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Syllogisms

Below are 20 logic puzzles known as syllogisms. Each syllogism is made up of two premises followed by a
conclusion. For each syllogism you must decide whether the conclusion is valid or invalid by determining
whether it follows logically from the premises without the need for any other information. The average score
is about 10 to 12 correct out of 20. A brief explanation and the answers can be found at the bottom of the
page

Example:

Premise 1: All cats are mammals


Premise 2: All mammals are animals
Conclusion: Therefore all cats are animals

1 All of the purple cravats have blue polkadots


Some of the ties are purple cravats
Therefore some of the ties have blue polkadots

2 All neurosurgeons are highly intelligent


Some neurosurgeons are not gentlemen
Therefore no gentlemen are highly intelligent

3 Some computers are not laptops


Some laptops are not MacBooks
Therefore some computers are MacBooks

4 No people tell lies


Some psychology students tell lies
Therefore some psychology students are not people

5 Some daily newspapers are tabloids


No textbooks are daily newspapers
Therefore no tabloids are textbooks

6 Some green things are not plants


All green things are trees
Therefore some trees are not plants

7 All rats in London have contagious diseases


Some rodents have contagious diseases
Therefore some rodents are rats in London
8 Some types of bird are kept as pets
All things kept as pets are goldfish
Therefore some goldfish are types of bird

9 Some woolen cardigans are not trousers


Some trousers are not shirts
Therefore all shirts are woolen cardigans

10 No fish are rainbow trout


All rainbow trout are salmon
Therefore some salmon are not fish

11 All habitual failures are life's losers


None of life's losers are unhappy people
Therefore some unhappy people are habitual failures

12 No shiny red apples contain deadly poison


Some types of fruit contain deadly poison
Therefore some types of fruit are not shiny red apples

13 All large boulders are alive


Some root vegetables are large boulders
Therefore some root vegetables are alive

14 Some peoples' homes are giant mansions


All giant mansions are houses
Therefore some houses are peoples’ homes

15 Some real ale does not contain any liquid


All real ale is water
Therefore some water does not contain any liquid

16 All vehicles on the road are buses


Some vehicles on the road are not cars
Therefore no cars are buses

17 All sailboats are buoyant in water


Some house bricks are buoyant in water
Therefore some house bricks are sailboats
18 Some old men work as fishermen
No young girls are old men
Therefore no young girls work as fishermen

19 All mountain goats are mammals


No mammals are invertebrates
Therefore some invertebrates are mountain goats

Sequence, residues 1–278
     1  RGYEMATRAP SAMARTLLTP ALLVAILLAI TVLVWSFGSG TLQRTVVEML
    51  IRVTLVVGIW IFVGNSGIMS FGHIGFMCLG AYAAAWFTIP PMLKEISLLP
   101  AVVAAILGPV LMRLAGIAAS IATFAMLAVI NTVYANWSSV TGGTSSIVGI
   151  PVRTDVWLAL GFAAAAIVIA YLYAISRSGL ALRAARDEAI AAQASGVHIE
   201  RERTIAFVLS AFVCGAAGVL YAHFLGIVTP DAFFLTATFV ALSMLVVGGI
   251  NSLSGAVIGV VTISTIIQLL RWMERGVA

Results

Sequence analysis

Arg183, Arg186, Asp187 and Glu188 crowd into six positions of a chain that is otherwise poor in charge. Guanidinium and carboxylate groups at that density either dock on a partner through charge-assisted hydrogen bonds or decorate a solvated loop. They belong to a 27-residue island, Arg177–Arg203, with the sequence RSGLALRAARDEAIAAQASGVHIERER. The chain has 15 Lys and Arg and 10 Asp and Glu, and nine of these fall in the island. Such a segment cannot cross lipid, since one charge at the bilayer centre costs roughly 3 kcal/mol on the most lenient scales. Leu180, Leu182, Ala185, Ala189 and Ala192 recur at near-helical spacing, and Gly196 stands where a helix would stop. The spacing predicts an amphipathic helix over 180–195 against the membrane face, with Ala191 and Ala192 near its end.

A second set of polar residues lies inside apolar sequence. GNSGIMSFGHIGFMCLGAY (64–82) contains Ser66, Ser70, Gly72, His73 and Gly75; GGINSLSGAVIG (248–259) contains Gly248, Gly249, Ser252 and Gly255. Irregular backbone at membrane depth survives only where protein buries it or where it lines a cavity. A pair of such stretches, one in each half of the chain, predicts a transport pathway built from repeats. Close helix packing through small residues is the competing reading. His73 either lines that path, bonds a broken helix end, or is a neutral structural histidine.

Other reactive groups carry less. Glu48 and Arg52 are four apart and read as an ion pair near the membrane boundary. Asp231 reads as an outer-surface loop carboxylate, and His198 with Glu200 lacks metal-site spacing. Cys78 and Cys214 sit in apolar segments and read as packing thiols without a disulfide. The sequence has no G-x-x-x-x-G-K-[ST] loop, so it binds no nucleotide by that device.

20 No naughty children do well in school


All those who do well in school are well behaved
Therefore some of those who are well behaved are not naughty children

END

ANSWERS TO FOLLOW…
Explanation:

Syllogisms are most easy to get right when logical necessity agrees with common sense.

For example number 12:


No shiny red apples contain deadly poison
Some types of fruit contain deadly poison
Therefore some types of fruit are not shiny red apples

The conclusion follows logically from the premises and also is believable; we know from experience that not
all fruit are apples, so there is no conflict between our ‘heuristic reasoning’ based on past experience and
our ‘analytical reasoning’ working out the answer from the premises.

However taking another example number 3:

Some computers are not laptops


Some laptops are not MacBooks
Therefore some computers are MacBooks

The conclusion is believable; we know from experience that MacBooks are indeed a type of computer BUT
this does conclusion does not follow logically from the premises so is invalid. In this case our heuristic
reasoning is in conflict with our analytical reasoning and we will find it a lot harder to get the answer right.

When these two modes of mental processing are in conflict and we inappropriately use our heuristic
reasoning it is called belief bias. I have listed below for each syllogism whether the conclusion was valid or
invalid, believable or unbelievable and have marked a 1 next to the syllogisms where the belief bias effect
was likely to occur.

Answers:

Validity Believability Belief Bias


1 Valid Believable
2 Invalid Unbelievable
3 Invalid Believable 1
4 Valid Unbelievable 1
5 Invalid Believable 1
6 Valid Unbelievable 1
7 Invalid Believable 1
8 Valid Unbelievable 1
9 Invalid Unbelievable
10 Valid Unbelievable 1
11 Invalid Believable 1
12 Valid Believable
13 Valid Unbelievable 1
14 Valid Believable
15 Valid Unbelievable 1
16 Invalid Believable 1
17 Invalid Unbelievable
18 Invalid Believable 1
19 Invalid Unbelievable
20 Valid Believable